Limitations

This study and its results have some limitations that should be considered for prospective investigations. For instance, the participants in this study were limited to young, adult men. As the scope of this study is largely relevant to the management of metabolic disease (i.e., type II diabetes), future studies should consider exploring the relationship between whey protein and exercise in individuals with metabolic disease. Additionally, several studies have explored whey protein’s effects on glycemia at varied doses (e.g., 20 g or 30 g). Based upon our findings in this study at 50 g of whey protein, it may be worth exploring how varied doses of whey protein, in conjunction with vigorous-intensity aerobic exercise, may influence glycemia. Lastly, as participants in this study walked at a vigorous intensity for the exercise intervention, our results are limited to this specific type of exercise. It may be worth investigating how different modes of exercise incorporating mechanical loading (e.g., resistance exercise, or aerobic and resistance exercise combined) when combined with whey protein may influence glycemia.

Conclusions

We found whey protein consumed independent of performing exercise improved glucose responses to a 75 g OGTT. This improvement was also observed when whey protein and vigorous-intensity aerobic exercise were combined, but this effect was lost when exercise was performed alone. These results provide information for how vigorous-intensity aerobic exercise and whey protein individually, and when combined, may affect acute glycemia. This study addressed how the timing between exercise and whey protein may influence these responses as well, which is important when considering the real-world application of these results. To summarize, our results highlight the short-term effectiveness of whey protein, independently and in combination with aerobic exercise, for improving glycemia.

Availability of data and materials

The datasets used and/or analyzed in this current study are available from the corresponding author on reasonable request.

Abbreviations

DEXA:

Dual energy X-ray absorptiometry

EX:

Exercise/no whey protein

EXW:

Exercise/whey protein

GIP:

Gastric inhibitory peptide

GLP-1:

Glucagon-like peptide 1

iAUC:

Incremental area under the curve

OGTT:

Oral glucose tolerance test

R:

No exercise/no whey protein

W:

No exercise, whey protein

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Acknowledgements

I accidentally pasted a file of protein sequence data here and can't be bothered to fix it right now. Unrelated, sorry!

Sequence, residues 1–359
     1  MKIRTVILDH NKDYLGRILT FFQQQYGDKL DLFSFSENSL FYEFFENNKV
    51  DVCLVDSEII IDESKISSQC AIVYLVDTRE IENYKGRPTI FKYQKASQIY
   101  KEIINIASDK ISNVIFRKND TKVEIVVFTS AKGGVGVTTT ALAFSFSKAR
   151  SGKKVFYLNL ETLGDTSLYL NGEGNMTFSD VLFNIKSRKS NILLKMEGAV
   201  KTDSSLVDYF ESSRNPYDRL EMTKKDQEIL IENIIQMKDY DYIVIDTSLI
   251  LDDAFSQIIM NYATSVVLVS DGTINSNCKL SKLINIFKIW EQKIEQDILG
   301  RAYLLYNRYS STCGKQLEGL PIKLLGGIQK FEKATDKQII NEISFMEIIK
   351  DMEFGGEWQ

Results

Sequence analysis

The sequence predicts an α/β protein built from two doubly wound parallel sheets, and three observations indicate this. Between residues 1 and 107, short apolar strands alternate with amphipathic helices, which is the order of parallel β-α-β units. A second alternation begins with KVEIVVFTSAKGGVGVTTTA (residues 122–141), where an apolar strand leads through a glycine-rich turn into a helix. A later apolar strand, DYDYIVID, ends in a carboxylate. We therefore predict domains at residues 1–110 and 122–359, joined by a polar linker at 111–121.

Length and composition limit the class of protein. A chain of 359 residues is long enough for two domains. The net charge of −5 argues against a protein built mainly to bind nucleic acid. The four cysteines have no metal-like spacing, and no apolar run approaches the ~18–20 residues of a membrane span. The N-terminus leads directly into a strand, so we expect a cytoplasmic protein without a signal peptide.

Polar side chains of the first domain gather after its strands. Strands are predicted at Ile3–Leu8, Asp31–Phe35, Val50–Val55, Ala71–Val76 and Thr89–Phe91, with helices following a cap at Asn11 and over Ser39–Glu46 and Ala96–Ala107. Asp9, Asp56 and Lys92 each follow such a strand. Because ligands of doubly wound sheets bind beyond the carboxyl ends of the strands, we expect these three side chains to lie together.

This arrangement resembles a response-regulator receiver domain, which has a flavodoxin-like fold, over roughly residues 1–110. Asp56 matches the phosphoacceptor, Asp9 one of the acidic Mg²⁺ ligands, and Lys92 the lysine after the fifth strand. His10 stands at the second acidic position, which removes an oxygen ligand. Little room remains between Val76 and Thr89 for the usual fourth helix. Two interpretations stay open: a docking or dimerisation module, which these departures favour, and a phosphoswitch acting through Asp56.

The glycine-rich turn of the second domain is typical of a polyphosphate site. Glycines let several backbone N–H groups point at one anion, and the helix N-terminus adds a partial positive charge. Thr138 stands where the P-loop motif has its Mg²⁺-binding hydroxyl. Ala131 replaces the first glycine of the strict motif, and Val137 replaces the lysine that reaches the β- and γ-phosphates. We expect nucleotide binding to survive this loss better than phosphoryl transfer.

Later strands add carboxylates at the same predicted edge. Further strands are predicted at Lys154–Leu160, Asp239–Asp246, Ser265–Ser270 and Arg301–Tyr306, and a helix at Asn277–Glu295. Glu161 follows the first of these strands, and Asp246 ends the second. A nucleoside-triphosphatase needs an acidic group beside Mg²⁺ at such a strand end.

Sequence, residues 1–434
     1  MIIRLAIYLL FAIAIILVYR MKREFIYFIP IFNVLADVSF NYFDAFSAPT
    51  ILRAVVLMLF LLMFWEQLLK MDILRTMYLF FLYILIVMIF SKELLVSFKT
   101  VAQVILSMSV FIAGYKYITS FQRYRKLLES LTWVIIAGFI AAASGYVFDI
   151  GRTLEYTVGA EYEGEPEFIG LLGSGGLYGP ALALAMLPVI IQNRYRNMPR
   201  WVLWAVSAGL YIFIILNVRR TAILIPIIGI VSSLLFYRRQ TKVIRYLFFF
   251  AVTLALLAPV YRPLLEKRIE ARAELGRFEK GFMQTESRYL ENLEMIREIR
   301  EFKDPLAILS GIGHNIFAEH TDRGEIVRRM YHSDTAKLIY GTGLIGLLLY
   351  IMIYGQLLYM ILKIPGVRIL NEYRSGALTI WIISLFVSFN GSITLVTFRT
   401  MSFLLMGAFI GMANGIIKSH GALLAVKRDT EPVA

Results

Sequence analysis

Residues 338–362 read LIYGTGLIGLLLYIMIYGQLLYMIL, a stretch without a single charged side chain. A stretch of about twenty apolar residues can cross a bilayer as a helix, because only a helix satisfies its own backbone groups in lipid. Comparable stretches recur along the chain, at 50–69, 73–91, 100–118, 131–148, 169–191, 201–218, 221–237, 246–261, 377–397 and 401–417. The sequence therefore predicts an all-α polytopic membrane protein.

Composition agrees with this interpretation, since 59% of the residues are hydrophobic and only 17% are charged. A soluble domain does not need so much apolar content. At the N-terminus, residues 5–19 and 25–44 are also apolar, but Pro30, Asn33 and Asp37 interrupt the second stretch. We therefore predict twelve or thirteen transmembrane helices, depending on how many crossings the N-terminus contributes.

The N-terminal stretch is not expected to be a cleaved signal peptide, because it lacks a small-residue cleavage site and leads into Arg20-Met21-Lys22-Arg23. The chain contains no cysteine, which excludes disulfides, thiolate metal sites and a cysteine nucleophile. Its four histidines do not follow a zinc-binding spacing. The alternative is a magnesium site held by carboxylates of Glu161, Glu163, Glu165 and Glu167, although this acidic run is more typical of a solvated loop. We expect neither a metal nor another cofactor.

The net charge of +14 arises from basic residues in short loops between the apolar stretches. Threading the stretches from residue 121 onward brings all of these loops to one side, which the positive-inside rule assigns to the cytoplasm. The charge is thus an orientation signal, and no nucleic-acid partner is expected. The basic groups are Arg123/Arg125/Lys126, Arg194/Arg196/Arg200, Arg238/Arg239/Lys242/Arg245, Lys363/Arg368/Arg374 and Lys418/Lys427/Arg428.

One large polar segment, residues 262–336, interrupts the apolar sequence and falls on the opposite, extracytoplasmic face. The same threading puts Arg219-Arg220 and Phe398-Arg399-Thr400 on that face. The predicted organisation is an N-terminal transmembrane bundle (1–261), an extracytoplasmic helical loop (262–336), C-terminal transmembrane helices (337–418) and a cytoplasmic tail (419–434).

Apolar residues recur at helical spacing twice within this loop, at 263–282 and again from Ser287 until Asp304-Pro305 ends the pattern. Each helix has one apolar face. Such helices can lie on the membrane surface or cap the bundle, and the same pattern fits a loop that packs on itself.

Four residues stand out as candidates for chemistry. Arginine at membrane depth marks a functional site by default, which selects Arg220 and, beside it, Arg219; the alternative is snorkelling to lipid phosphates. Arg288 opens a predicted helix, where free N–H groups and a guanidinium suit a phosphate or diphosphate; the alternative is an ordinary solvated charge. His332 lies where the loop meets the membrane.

The authors would like to thank the subjects who participated in this study.

Funding

Funding used for the collection and analysis of data was supported in part by a Texas American College of Sports Medicine Student Research Development Award (SRDA). ELZ is currently supported by a T32 Postdoctoral Award from the National Institutes of Health (T32HL007457). The content is solely the responsibility of the authors and does not necessarily represent the official views of the National Institutes of Health.

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TJC and VB conceived and designed research. RAG, ELZ, TJC, MLS, MFB, and CJI conducted experiments. RAG, ELZ, and TJC analyzed data. RAG, ELZ, and MLS drafted the manuscript. MFB, AAD, and VB critically revised the manuscript. All authors read and approved the manuscript.

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Correspondence to Ryan A. Gordon.

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This study includes human participants and data, and prior to data collection, this study was approved by the Institutional Review Board of Texas Woman’s University (Protocol #: 19806). In addition, prior to participation in this study, all participants were informed of the study purpose and procedures and gave their written informed consent. This study and its procedures were performed in accordance with the Declaration of Helsinki.

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Gordon, R.A., Zumbro, E.L., Castleberry, T.J. et al. Whey protein improves glycemia during an oral glucose tolerance test compared to vigorous-intensity aerobic exercise in young adult men. BMC Sports Sci Med Rehabil 14, 147 (2022). https://doi.org/10.1186/s13102-022-00540-z

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Keywords

  • Whey
  • Exercise
  • Glucose
  • Insulin
  • Incretins
  • Glycemia